"Vytautas is highly revered among us. He did not order us to forget the Prophet... We swore an oath upon our swords to love the Lithuanians when the fate and destiny of war brought us to their homeland and they said... 'This land, these waters... will be shared between us'"

Tatar petition sent in 1519 to Grand Duke of Lithuania and King of Poland, Sigismund I

Today about 120 people who live in Keturiasdesimt Totoriu are Tatars, with many claiming to be direct descendants of the founding Crimeans.

"It is because of Vytautas we are here, but we know we are Crimean Tatars," says Fatima Stantrukova, a 75-year-old former teacher of Russian literature.

The oldest identifiable grave in the mosque's cemetery belongs to a certain "Allahberdi" who was buried here in about 1621.

The Tatar population in Lithuania continued to grow and spread to the south and west. Once there were dozens, possibly hundreds of Tatar mosques in villages between Vilnius, the Belarusian capital, Minsk, and the Polish city of Bialystok.

There were still 25 in Lithuania on the eve of World War One. Now there are three - in Keturiasdesimt Totoriu and the nearby villages of Raiziai and Nemezis. Four others are split between the Polish settlements of Kruszyniani and Bohoniki and the Belarusian towns of Navahrudak and Iwie.

It was the Tatar language that disappeared first, apparently in the early part of the 18th Century.

"It came to pass that the 'spiders of forgetfulness' spread their webs over their customs and their tongues with the passing of the ages," wrote the Russian Tatar Orientalist Muhammad Murad al-Ramzi, in the 19th Century.

"Yet, despite that, they have never lost their faith in Islam, though they have no scholarly knowledge of the faith."

What little Islamic knowledge was left, took a further blow in the 20th Century.

"The Soviet period was the worst. All the religious leaders and people of any knowledge were either killed or sent into exile into the farthest reaches of Siberia. Books and archives were burnt. Mosques were closed and destroyed. Communities were closed. Islam was forbidden," says another descendant of the Crimeans who arrived with Vytautas, the Grand Mufti of Lithuania, Ramadan Yaqoob.

Yaqoob grew up knowing almost nothing about Islam, and was only exposed to it properly after the fall of the Soviet Union, when Muslim students began to arrive in the country. He felt an immediate connection with them, and was able with their help to study in Lebanon and Libya. The multicultural atmosphere of Lebanon was the perfect place to train to lead a European Muslim community, he says.

Despite a revival of interest in religion among some young Tatars, none of the mosques opens for the five daily prayers. Even in Keturiasdesimt Totoriu, where a third of the population is Muslim, the mosque only opens for special religious occasions.

But in addition to these seven surviving Baltic Tatar mosques, there is another many thousands of miles to the west - at 104 Powers Street in Brooklyn - which bears an uncanny resemblance.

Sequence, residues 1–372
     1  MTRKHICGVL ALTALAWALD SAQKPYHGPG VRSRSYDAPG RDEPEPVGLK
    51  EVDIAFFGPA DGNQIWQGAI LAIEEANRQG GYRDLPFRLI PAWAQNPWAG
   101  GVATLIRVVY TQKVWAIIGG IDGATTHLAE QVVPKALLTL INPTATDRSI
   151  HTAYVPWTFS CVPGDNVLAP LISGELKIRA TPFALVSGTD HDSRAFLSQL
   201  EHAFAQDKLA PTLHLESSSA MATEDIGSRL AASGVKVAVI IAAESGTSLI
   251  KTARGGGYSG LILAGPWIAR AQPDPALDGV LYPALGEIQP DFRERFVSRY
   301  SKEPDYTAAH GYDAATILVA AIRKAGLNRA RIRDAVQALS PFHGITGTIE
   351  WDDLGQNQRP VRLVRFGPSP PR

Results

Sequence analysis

"I used to go to the mosque, mainly with my family, for festivals like Eid," says Alyssa Ratkewitch, the mosque's vice-president, a third-generation Lipka Tatar - as Tatars from the Baltic are sometimes called - who traces her roots to the Belarusian town of Iwie.

"One of my earliest memories was the 'awful' wood panelling that decorates the interior of the mosque. So when I became vice-president, I planned to get rid of it, until an elder told me that the panels were there to remind them of the mosques they had left behind in the Baltic."

The Brooklyn mosque - which opened in 1927 and is believed to be the oldest in New York - also no longer opens for daily worship. But it is crucial to the identity of the tiny Tatar community, just like the seven Tatar mosques still standing in Lithuania, Belarus and Poland.

"We did not let our mosques fall! During the [Soviet] time, our mosque was used in secret," remembers Fatima in Keturiasdesimt Totoriu.

"The imam and the community of the 1940s kept the mosque alive for us children.

"The mosques are all we have left."


Assessing the sincerity of Yemen peace talks

Manuel Almeida

Thursday, 31 December 2015

The best that the latest round of U.N.-sponsored Yemen peace talks - which took place in Switzerland between Dec. 15 and 20 - was able to produce was the promise of another round of talks on Jan. 14 in a location to be agreed. Although a meagre achievement, especially given the dire humanitarian situation, diplomacy still remains by far the best hope for an exit route from the current miserable state of affairs.

This latest round of talks was again marked by a failure to implement a ceasefire, from which other important measures would follow, such as a focus on much-needed delivery of humanitarian aid. Both sides agreed to “lift all forms of blockade and allow safe, rapid and unhindered access for humanitarian supplies to all affected governorates,” as part of confidence-building measures.

However, fierce fighting has continued in various locations, including the city of Taiz in the southwest, and the northern Jawaf and Marib provinces east of Sanaa. The initial ceasefire was still extended by one week on condition that the Houthis commit to the new truce, but the result seems to have been equally disappointing.


An important question that emerged out of the ongoing stalemate is whether any major change has taken place since the previous round of talks in June, which could indicate a greater chance for diplomatic success. Back then, negotiations were interrupted by insults, fist-fighting and shoe-throwing among the delegates, who failed to even agree on a humanitarian truce during Ramadan.

Beyond the root causes of the current crisis, the various competing political allegiances within Yemen, and the involvement of several external players, the conflict has two main drivers. One is the belief by the Houthi rebels’ radical leadership, which is backed by Iran and have close ties to Lebanon’s Hezbollah, that a military option could be beneficial to the group.